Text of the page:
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Climatologists Predict More Extreme Summer Temperatures in 21st Century

February 16, 2012

A new report published by an American non-profit research center says that extreme summer temperatures are becoming increasingly commonplace in the United States, a trend that they project will continue throughout the 21st century.

Climatologist Phil Duffy led a group of researchers at the Lawrence Livermore National Laboratory (LLNL) in California in analyzing the results of various climate models examining the occurrence of extreme high temperatures in the summer months of June, July and August. They found that higher than average spikes in temperature are becoming increasingly common in various regions of the lower 48 states.

“The observed increase in the frequency of previously rare summertime-average temperatures is more consistent with the consequences of increasing greenhouse gas concentrations than with the effects of natural climate variability,” Duffy wrote in the report published this week in the journal Climatic Change.

“It is extremely unlikely that the observed increase has happened through chance alone,” he added, highlighting what his team believes to be the anthropogenic cause behind the soaring temperatures.

Together with his colleague Claudia Tebaldi from the research group Climate Central, Duffy´s computer models indicated that sweltering summer temperatures — once something of a rarity — can be expected in at least half of our summers before the middle of this century.

The researchers started out by comparing the quarter century between 1975 and 2000 with the preceding  25 years. They say that the recorded data corresponded with the predictions of some 16 global climate models, all of which indicated that high temperatures that were seldom in the earlier period occurred with greater frequency in the latter period in some regions.

Duffy´s team claims the very similar results acquired from observations and computer models indicate that the models are, in fact, able to accurately simulate and predict changes in climate patterns. They also referred to statistical analyses to argue that the rising temperatures are most likely not a result of random variations in weather patterns.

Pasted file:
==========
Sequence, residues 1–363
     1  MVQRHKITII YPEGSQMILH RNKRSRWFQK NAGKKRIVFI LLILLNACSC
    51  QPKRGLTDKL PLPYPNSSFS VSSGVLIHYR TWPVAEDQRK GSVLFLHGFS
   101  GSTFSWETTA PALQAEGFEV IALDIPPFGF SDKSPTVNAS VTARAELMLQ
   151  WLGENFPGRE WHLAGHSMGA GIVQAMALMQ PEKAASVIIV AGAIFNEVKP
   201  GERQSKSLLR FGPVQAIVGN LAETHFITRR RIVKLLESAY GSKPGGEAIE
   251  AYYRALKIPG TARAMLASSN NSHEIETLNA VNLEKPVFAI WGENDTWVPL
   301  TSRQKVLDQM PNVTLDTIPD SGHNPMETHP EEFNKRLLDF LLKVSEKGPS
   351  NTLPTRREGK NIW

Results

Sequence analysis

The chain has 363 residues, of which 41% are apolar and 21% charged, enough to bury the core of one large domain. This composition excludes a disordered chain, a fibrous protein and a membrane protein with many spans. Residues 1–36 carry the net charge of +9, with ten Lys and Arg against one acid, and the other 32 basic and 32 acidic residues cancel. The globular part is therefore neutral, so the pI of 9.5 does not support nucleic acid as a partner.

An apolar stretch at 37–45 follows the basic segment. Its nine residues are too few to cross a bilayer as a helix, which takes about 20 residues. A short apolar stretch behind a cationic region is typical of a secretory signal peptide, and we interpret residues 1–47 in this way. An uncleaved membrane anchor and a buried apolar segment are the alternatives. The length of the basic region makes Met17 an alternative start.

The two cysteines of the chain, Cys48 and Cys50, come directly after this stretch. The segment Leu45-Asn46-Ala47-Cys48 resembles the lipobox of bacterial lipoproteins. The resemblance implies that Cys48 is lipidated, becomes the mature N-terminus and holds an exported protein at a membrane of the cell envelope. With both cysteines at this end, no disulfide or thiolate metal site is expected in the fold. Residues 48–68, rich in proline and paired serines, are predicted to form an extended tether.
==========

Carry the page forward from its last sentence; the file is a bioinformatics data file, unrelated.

Moving forward, the team then used current data from a climate model for the period from 1995 — 2024 and found that the trend towards the increasing frequency of high temperatures persisted.

For their last analyses, Duffy and Tebaldi looked at the results from models for the period from 2035 to 2064 and found that extreme summertime temperatures became the norm, occurring in a majority of years in high summer. The high temperatures that were only found in about 5 percent of the summers during the 1950-1979 period were predicted to occur at least 70 percent of the time by the middle of this century.

“The South, Southwest and Northeast are projected to experience the largest increases in the frequency of unusually hot summers,” Duffy said.

“The strong increase in extremes in the Southwest and Northeast are explained by strong historical and projected warming there,” he added.

“What was historically a one in 20-year occurrence will occur with at least a 70 percent chance every year. This work shows an example of how climate change can affect weather extremes, as well as averages.”

Image Caption: The Vegetation Drought Response Index (VegDRI) incorporates satellite observations of vegetation to monitor at a finer spatial detail than other commonly used drought indicators. Photo courtesy of U.S. Geological Survey

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Source: RedOrbit Staff & Wire Reports